Indexing Title: BDEVEZAís Medical Anecdotal Report [05-10]
MAR Title : Itís Really A Temple of Surprises
Date of Medical Observation : Nov. 1, 2005
It was another day of duty. I must admit that I was not in the mood because it was a holiday and here we are in the hospital assuming our post. But, I have to accept that because itís all part of our service to the institution.
We accepted the endorsements and one patient endorsed was a 28-year-old female that was assessed to have Acute Appendicitis. Before she was brought to the operating room, I went to her room and checked on her. I did my history and physical examination. My physical examination findings revealed an abdomen that was flabby, soft and with direct and rebound tenderness on the right lower quadrant. There was no muscle guarding. With her history and my p.e. findings, I was convinced that it was really Acute Appendicitis. After some time, she was wheeled in the operating room. Before she was induced by the anesthesiologist, I examined her abdomen again and had the same findings as before. After a few minutes, I started the operation. I did a Rocky Davis incision. Everything went smoothly until after I opened the peritoneum. As I reached the peritoneal cavity, I noticed a glistening, black mass that blocked my view. I palpated it and it was soft and cystic in nature. It was quite large, measuring approximately 10x10 cm. At that time, I started to feel differently and questions were running through my mind and the ONE thing that bothered me most was what if itís not Acute Appendicitis. And so I looked for the appendix and thank God, it was in its suppurative stage. After I have established that is was indeed Acute Appendicitis, I decided to do an intraoperative referral with OB-GYN. Luckily, they were just in the other room and had just finished a Caesarian section. While waiting, I informed my senior resident of my findings. When they came, they asked me a few questions. They checked on the mass that I saw and said that it was a Twisted Ovarian New Growth because of the appearance. It was a large one so they decided that they will do a midline incision. And so I closed my previous incision. They took over and did a right salpingo-oophorectomy. Likewise, they transferred the patient to their service with co-management with our department.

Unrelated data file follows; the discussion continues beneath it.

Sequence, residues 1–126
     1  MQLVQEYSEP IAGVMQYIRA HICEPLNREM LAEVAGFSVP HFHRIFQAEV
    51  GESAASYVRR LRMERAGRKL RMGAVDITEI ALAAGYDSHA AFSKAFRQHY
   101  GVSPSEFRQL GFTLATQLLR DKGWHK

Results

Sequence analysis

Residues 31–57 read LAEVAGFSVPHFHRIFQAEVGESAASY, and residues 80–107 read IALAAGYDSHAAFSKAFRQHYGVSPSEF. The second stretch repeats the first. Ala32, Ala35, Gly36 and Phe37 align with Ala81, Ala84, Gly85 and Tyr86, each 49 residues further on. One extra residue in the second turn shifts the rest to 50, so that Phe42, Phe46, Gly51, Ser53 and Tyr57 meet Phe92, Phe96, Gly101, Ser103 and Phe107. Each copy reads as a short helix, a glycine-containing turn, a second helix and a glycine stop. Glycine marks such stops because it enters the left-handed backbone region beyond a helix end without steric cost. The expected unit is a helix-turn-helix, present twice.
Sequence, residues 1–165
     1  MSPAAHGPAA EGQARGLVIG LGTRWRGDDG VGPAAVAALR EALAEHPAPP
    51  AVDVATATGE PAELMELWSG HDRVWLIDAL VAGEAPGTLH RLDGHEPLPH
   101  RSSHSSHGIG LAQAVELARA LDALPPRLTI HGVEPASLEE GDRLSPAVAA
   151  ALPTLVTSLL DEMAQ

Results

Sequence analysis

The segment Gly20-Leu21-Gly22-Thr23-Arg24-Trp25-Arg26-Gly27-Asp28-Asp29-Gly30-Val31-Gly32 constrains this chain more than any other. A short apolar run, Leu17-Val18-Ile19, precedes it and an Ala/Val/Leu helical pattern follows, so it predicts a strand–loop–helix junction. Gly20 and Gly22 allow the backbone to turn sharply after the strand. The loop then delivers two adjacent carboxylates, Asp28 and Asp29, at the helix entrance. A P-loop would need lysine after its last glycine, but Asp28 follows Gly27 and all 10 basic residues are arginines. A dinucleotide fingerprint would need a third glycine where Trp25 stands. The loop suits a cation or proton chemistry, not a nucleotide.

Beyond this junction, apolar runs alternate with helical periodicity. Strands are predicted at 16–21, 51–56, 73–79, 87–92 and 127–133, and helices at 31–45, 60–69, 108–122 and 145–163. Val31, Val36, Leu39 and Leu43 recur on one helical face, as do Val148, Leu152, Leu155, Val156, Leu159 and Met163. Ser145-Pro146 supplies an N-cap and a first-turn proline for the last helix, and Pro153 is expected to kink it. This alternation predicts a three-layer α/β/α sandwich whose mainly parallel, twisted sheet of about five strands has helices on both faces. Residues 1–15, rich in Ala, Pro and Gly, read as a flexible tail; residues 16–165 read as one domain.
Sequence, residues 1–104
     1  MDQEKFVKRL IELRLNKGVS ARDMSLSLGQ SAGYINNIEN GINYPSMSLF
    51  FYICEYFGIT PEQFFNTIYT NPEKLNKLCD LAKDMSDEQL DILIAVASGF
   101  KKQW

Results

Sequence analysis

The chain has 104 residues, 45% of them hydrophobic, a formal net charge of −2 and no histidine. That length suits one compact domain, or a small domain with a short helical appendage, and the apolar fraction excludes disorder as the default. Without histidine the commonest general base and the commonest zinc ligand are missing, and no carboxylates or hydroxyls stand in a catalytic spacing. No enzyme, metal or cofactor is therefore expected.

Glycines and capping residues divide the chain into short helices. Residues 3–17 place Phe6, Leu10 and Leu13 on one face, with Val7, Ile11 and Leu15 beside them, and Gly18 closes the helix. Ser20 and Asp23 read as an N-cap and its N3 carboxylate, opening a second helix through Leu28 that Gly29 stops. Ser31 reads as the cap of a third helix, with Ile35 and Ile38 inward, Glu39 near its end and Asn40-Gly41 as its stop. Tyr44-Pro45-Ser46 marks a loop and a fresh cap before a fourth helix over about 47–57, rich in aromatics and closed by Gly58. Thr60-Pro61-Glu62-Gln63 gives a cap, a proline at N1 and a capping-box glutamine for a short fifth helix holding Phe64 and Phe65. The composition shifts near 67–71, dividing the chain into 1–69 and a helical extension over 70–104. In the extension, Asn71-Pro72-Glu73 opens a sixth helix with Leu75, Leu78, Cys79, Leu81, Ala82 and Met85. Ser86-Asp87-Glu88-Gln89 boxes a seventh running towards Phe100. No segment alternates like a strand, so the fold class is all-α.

Insights ( Discovery, Stimulus, Reinforcements / (Physical, Psychosocial, Ethical
Time and again, history and physical examination plays an important role in the diagnosis and management of a patient. Physicians are guided by this tools so as to arrive with a sound judgment with the case at hand. If done properly and carefully, it can give you a 100% certainty. But most of the time, this is easier said than done.
My physical examination of the patient truly points out to Acute Appendicitis. I must honestly say that I was not able to appreciate a palpable mass when I examined her abdomen. Itís maybe because it was flabby and the layer of fat somehow did not allow me to delineate it. But nevertheless, intraoperative evaluation was crucial. Making the appropriate referral was the most prudent thing to do at that time. I know I have my limitations. Faced with that situation, I must say that I was able to make a sound decision.
After the operation, I still considered myself lucky for two reasons, inspite of missing that mass on physical examination. First, that it was really a case of Acute Appendicitis and second, I did not have much difficulty in referring the patient.. As I was writing my operative technique, one thing crossed my mind. Something that was taught to us in medical schoolÖÖ that the ABDOMEN IS A TEMPLE OF SURPRISES !!!
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